“Now we know what a ‘scarlet letter’ looks like,” Owenby wrote. “Coming from a church setting, I did not understand. Then, I learned what Mr. James Franklin Sapp had done to my daughter. I was raising my children to be God-believing, morally right, productive citizens, and taxpayers. Now, because of what Mr. Sapp has done, I will never know who my daughter could have grown up to become. … Mr. Sapp was my next-door neighbor, and I thought he was a friend. He knew about my faith in God, and he knew the way I was raising my children. Then I learned that Mr. Sapp had been sexually molesting my daughter since she was a small child!”
Sheriff’s deputies arrested Sapp on Sept. 3, 2014, and charged him with one felony count of rape of a child. Eight months later, on May 18, 2015, a Henderson County grand jury charged him with five felonies — one count of rape of a child by an adult, one count of sex offense with a child by an adult and three counts of indecent liberties with a child.
“It’s all a buncha bullcrap,” Sapp, 66, said Tuesday. “My lawyer (Chris Stepp) told me not to do something (to contest the charges) until after the 12th. I do want to put my word out there. I can’t do it today because I’m working. I don’t want to do it until my lawyer says I can because I want to sue the pants off them.”
Sapp said Newman recommended the plea bargain despite what Sapp asserted was his preference to go to trial. “I wanted to get it out there because they didn’t have no proof,” he said.
Sapp said he hopes to sue Valerie and her father. “A lot of that s--- is false,” he said. “She had a baby while we was going to trial — two of ’em. … She wished not to pursue it no more. That’s what she said, so I don’t really know what to say or what to do until my lawyer says what to do.”

Five felonies reduced to one misdemeanor

Given the severity of the charges against Sapp, there was never any doubt that the Owenby family was strongly interested in following every court appearance the defendant would make, according to court filings and the state Bar investigation.
Sometime before Oct. 13, 2015, Newman’s office informed Valerie and her parents that Sapp’s trial would be scheduled for Nov. 2, 2015. Then, 2½ weeks before that day, on Oct. 13, 2015, Newman allowed Sapp to plead guilty to a single misdemeanor count of assault on a female, identifying the victim as Valerie Owenby, which allowed the defendant to avoid prison time and avoid registering as a sex offender.
In its investigation of the grievance filed by the Owenbys, the state Bar attorneys said that neither Newman nor anyone in the D.A.’s office notified the family in advance of the plea agreement, a violation of state law requiring prosecutors to notify a victim “of the date, time and place of all trial court proceedings … that the victim has elected to receive notice.”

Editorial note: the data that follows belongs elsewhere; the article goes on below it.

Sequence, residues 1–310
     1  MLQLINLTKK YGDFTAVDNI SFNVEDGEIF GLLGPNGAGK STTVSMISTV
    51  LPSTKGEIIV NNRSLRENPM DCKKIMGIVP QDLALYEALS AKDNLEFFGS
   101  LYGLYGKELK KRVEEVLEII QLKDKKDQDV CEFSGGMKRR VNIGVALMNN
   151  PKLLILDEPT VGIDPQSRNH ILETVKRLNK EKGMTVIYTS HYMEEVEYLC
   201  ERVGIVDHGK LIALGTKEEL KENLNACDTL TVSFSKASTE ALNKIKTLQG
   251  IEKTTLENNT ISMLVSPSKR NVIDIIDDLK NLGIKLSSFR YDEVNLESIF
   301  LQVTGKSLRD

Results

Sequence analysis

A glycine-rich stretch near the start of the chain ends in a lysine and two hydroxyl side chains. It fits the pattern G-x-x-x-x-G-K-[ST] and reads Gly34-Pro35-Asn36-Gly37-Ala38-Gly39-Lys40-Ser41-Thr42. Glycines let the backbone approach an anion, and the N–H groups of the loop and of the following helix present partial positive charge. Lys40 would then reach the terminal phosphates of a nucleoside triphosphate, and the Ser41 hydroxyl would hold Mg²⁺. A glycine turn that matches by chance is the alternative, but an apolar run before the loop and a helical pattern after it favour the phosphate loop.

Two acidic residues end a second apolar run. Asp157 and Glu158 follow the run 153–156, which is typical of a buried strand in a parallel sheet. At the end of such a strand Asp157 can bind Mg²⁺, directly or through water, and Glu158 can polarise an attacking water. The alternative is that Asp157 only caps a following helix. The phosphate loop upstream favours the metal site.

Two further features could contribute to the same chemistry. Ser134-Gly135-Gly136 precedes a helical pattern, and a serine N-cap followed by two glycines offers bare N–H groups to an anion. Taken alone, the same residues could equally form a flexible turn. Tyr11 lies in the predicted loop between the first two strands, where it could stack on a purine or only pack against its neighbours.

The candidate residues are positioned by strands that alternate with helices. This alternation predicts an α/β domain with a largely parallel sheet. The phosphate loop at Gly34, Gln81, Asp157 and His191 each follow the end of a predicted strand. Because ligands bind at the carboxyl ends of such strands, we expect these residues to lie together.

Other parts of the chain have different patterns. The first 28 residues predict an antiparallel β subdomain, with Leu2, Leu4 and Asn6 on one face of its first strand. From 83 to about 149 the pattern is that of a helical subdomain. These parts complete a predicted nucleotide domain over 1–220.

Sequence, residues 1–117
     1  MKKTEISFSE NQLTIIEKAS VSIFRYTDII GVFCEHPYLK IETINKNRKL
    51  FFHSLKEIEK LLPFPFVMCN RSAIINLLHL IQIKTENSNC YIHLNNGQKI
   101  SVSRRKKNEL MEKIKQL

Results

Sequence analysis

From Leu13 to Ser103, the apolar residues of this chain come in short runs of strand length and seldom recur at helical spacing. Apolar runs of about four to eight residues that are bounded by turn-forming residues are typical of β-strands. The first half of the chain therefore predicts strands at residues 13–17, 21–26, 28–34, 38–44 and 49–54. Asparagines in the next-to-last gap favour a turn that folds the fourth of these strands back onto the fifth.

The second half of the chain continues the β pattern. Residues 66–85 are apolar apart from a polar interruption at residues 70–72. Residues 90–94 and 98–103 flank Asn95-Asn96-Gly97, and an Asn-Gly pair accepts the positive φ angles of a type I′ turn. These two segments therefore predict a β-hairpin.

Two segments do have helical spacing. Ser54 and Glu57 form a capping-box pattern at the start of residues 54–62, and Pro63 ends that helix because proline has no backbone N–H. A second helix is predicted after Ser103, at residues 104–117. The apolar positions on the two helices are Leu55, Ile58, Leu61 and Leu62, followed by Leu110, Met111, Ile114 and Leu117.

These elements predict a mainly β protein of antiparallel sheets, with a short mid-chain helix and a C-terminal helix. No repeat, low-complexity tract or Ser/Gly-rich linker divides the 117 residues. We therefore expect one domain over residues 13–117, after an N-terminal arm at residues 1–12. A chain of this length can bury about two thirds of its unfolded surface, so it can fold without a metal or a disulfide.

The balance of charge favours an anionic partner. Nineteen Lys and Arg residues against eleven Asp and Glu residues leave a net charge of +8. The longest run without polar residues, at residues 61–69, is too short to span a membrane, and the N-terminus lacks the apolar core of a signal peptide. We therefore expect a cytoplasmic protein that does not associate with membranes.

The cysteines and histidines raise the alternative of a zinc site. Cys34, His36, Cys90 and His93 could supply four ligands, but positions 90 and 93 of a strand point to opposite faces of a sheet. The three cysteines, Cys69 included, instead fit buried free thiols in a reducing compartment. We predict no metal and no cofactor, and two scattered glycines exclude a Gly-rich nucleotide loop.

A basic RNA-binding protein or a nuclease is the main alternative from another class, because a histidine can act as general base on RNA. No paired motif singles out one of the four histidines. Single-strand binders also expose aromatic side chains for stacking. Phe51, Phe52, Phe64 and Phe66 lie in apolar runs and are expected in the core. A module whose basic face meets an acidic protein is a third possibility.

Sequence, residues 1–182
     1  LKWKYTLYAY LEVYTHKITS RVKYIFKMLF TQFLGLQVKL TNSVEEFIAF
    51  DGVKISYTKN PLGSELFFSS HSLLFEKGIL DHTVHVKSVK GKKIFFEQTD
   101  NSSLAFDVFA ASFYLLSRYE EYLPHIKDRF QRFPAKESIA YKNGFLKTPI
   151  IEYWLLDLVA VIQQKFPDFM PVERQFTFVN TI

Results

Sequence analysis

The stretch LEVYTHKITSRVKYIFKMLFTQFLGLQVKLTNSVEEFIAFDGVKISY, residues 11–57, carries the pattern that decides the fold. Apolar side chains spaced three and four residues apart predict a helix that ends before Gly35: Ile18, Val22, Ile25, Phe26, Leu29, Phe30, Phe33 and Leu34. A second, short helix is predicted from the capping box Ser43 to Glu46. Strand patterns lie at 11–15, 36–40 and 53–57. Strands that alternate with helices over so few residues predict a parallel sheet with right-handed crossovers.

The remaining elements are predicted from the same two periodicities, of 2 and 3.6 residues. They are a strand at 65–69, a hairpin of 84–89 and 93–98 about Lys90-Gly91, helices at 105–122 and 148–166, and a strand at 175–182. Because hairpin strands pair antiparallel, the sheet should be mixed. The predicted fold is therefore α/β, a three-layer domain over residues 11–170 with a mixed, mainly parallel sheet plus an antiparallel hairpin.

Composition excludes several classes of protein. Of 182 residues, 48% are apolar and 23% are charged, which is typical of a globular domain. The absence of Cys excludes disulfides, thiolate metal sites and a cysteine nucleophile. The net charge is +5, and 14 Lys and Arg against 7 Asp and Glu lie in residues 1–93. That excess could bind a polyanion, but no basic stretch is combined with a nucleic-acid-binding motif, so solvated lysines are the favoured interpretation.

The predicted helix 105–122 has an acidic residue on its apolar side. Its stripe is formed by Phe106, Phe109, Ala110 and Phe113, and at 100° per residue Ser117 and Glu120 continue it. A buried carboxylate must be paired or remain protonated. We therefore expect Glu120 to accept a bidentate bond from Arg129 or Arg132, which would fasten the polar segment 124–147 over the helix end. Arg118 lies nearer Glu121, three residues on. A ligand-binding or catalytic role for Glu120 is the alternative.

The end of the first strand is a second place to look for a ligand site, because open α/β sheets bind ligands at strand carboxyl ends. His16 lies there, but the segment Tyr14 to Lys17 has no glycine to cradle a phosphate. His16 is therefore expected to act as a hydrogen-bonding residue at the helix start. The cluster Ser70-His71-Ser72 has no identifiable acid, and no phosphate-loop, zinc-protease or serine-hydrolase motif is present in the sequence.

During Sapp’s court appearance, District Court Judge Athena Brooks asked the prosecutor’s office whether the victim and her family had been notified of the plea and offered a chance to be heard. Newman told the judge that the victim had been advised of the plea and had responded that they did not wish to be heard. The state Bar opened an investigation into the Owenby family’s grievance on April 3, 2017. In a complaint filed with the Disciplinary Hearing Commission July 2019, the Bar’s attorneys said that Newman had lied to Judge Brooks about notifying the Owenby family and later had lied to Bar investigators about other facts surrounding his handling of the Sapp case in October 2015. In his response to the Bar, Newman had said: “I had my victim/witness staff person prepare a bill of information and contact the mother of the victim. … I handled the plea in District Court instead of Superior Court, where a trial jury was under way. … I explained this situation to (Oppie Owenby) on the day the plea occurred. … Our file shows that the mother never returned the call.”
None of the statements was true, the Bar said. The Bar’s counsel said that the Owenby family was not notified of Sapp’s Oct. 13 District Court appearance, there was no jury trial in Superior Court on that date, Newman had not spoken with Carol Owenby on that day, and prosecutors’ office file contained no notes showing that Newman’s office called Carol Owenby about the Oct. 13 court date, nor a reference to Carol Owenby failing to return a phone call.
After a two-day hearing last November, the Disciplinary Hearing Commission found that Newman had committed misconduct in office by failing to notify the family of Sapp’s court appearance and plea bargain and had lied to Judge Brooks and the Bar about it. The commission suspended his law license for three years but stayed the suspension provided Newman pay the costs of the Bar proceeding, attend required education courses and “not violate Rules of Professional Conduct, including the North Carolina Crime Victims’ Act.”

Judge appoints independent counsel